DRM (Digital Rights Management) is intended to inhibit unauthorized distribution of the Kindle file of your book. Some authors want to encourage readers to share their work, and choose not to have DRM applied to their book. If you choose DRM, customers will still be able to lend the book to another user for a short period, and can also purchase the book as a gift for another user from the Kindle store.
Important: Once you publish your book, you cannot change its DRM setting.
If you want to limit the sharing of your book, you might want to enable drm on your ebook. Personally, I believe that DRM is more of a pain for people who buy your book legally than it is a deterrent for people who want to obtain your book illegally. That’s why I choose not to enable DRM on my ebooks. Also, I don’t get bothered when my books show up at a torrent site or when people share my books with their friends. Word of mouth is very powerful, so even if one person got my book for free, there’s a good chance that if they liked it, they will tell other people about it. Many authors completely disagree with me on that, and that’s okay. It’s your career. Your decision. This is just another example of how self-publishing gives you more control over your own career.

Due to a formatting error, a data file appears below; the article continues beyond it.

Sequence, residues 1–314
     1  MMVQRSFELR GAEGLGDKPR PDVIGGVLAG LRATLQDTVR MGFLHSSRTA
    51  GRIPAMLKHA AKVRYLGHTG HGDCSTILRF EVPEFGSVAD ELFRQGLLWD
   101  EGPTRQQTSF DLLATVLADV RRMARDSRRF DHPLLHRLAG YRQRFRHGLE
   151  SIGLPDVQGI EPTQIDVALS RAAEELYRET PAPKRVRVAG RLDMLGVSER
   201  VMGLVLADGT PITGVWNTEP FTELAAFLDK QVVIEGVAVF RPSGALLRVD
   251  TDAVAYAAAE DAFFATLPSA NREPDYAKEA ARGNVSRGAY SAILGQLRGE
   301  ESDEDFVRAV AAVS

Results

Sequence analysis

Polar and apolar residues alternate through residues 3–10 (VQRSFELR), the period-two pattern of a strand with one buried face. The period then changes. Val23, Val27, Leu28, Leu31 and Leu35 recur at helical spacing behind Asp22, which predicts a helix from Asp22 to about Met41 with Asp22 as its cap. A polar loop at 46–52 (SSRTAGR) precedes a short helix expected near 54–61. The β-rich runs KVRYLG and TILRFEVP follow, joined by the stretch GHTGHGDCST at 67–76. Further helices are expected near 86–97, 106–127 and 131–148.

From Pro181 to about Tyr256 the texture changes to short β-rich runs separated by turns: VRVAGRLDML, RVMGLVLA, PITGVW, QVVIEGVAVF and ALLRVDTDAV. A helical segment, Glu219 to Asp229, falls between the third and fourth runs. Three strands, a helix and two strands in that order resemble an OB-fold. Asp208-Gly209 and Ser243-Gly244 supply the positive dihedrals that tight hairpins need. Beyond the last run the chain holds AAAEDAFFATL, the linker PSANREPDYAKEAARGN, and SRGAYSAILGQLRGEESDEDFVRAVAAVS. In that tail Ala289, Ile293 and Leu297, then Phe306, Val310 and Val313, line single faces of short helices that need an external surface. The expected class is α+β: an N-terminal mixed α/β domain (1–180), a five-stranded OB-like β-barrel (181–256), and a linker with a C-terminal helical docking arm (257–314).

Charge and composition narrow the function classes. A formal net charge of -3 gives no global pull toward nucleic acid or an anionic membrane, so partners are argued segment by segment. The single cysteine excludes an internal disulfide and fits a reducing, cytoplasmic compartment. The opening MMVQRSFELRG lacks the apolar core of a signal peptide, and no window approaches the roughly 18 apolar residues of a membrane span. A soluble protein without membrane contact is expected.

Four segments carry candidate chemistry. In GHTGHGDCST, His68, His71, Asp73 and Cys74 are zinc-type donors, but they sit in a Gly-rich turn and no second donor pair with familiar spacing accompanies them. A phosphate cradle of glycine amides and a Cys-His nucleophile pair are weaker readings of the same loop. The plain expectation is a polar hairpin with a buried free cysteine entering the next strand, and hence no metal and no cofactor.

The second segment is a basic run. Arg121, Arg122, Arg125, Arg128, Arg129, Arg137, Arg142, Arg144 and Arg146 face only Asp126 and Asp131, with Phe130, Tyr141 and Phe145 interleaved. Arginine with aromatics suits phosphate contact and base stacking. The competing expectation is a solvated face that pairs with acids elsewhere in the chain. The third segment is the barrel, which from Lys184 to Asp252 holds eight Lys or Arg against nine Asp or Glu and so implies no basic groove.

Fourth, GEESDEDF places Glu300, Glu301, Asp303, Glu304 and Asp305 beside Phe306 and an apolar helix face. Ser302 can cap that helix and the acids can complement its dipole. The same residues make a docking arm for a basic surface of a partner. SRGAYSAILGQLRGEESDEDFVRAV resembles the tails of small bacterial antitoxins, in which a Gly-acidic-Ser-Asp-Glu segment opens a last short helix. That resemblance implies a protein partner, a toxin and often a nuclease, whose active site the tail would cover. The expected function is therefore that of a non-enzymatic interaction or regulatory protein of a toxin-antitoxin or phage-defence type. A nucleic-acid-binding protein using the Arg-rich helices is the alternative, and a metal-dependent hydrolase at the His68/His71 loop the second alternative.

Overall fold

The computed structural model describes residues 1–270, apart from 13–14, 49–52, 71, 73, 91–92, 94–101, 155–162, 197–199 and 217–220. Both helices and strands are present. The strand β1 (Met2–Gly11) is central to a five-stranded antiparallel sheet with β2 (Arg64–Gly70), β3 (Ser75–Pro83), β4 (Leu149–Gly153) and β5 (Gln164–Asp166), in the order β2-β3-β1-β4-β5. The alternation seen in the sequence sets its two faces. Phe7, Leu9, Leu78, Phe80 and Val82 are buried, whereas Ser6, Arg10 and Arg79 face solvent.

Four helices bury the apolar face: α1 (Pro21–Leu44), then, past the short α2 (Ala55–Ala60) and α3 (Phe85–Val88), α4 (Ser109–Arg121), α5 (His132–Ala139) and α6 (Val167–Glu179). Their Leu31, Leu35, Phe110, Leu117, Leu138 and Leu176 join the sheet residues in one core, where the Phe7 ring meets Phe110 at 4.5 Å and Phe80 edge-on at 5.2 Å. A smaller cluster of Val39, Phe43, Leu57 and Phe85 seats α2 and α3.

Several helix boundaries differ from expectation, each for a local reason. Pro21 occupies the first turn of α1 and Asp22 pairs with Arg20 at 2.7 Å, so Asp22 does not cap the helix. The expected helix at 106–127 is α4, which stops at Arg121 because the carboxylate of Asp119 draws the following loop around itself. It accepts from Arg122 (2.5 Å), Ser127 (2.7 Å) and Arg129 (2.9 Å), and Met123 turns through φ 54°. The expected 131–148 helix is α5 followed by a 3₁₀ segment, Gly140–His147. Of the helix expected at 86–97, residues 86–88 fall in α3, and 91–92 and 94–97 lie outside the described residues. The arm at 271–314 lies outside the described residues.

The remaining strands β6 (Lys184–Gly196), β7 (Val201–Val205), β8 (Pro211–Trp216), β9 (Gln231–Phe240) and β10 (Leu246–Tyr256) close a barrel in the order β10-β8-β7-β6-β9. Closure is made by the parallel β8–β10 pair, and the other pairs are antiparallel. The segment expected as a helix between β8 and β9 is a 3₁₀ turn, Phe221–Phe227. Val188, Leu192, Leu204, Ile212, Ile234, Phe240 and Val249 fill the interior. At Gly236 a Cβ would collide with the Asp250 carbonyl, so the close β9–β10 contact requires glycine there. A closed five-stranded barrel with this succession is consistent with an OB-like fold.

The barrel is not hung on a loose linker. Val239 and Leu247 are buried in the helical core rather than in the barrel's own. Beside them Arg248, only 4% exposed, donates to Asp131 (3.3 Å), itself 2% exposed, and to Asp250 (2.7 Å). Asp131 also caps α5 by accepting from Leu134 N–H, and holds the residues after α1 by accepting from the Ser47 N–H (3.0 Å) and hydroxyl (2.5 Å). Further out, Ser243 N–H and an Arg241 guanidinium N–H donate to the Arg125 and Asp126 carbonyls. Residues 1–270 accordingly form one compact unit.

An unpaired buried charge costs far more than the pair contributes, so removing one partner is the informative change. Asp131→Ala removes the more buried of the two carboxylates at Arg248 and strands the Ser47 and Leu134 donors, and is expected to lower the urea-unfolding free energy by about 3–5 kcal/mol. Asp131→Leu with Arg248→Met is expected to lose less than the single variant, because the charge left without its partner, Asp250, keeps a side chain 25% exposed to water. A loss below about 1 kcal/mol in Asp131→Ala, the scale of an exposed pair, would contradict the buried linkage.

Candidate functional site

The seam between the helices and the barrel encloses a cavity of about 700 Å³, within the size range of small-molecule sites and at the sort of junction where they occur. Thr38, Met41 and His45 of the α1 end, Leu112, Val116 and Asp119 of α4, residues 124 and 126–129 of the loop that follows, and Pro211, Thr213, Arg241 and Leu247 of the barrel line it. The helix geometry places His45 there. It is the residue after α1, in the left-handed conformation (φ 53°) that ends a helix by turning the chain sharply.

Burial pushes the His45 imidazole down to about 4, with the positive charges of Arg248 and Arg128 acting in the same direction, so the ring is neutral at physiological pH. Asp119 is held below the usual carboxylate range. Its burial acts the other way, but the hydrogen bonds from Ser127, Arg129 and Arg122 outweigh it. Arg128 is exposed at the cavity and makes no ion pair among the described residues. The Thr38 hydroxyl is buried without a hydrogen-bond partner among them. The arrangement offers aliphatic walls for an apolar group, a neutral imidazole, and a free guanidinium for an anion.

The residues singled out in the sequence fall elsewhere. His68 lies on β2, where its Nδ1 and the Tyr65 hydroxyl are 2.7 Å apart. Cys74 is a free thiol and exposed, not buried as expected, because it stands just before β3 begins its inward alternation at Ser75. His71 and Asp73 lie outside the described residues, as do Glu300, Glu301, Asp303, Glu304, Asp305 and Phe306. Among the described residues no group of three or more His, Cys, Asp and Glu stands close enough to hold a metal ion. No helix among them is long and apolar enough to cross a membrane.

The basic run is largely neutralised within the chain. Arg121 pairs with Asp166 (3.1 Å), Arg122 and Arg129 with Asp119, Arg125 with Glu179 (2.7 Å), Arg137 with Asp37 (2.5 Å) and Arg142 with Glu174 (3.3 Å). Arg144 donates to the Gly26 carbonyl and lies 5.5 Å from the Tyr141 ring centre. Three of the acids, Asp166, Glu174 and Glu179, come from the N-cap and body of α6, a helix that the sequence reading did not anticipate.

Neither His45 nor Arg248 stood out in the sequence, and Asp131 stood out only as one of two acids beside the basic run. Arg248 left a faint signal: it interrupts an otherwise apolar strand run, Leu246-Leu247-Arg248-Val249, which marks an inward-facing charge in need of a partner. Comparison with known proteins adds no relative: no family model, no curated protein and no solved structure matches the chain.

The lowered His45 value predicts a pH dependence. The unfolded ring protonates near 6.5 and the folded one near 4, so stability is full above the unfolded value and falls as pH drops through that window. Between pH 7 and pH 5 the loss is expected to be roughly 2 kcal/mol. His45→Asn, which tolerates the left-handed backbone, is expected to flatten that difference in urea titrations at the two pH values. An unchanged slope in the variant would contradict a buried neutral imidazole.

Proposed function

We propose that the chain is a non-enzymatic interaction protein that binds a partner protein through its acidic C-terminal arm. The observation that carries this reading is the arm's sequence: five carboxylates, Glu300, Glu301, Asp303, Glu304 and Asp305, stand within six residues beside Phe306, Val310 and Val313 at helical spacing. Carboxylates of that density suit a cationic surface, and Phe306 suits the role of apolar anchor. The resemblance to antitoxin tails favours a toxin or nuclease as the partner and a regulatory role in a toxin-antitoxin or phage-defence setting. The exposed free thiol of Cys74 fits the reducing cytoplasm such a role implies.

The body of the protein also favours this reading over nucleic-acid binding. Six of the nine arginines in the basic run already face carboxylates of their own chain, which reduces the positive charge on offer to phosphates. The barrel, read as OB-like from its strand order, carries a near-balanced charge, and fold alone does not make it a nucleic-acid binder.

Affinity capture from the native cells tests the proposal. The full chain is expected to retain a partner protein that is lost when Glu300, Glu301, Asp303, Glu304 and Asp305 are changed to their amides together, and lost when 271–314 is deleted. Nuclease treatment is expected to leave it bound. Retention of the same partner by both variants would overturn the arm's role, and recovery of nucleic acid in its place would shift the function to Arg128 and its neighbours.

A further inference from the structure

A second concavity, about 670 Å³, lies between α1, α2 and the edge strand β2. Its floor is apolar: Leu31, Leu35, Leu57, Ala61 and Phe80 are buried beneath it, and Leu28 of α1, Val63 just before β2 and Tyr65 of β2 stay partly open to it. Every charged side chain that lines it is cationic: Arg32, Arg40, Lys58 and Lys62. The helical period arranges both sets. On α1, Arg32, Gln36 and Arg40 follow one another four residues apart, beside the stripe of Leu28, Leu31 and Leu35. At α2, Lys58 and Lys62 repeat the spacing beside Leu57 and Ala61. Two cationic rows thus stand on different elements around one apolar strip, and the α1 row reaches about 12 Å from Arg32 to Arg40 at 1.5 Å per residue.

How can I find bloggers and sites to review my book?
There are a few blog searches out there, but I found them extremely time consuming. When I started looking for book bloggers and reviewers who would be willing to review self-published ebooks, I went for a simpler approach. I chose a few ebooks in my genre that were self-published, then googled for them along with the word “review”. For example, one of my favorite YA self-published ebooks is Susan Bischoff’s Hush Money. I googled for “Susan Bischoff Hush Money Review” and a list of links came up. Many were book bloggers and review sites who had reviewed her books. I took the time to look through these blogs to decide if my book might be a good fit for their site, then followed the instructions on their website for submitting a review.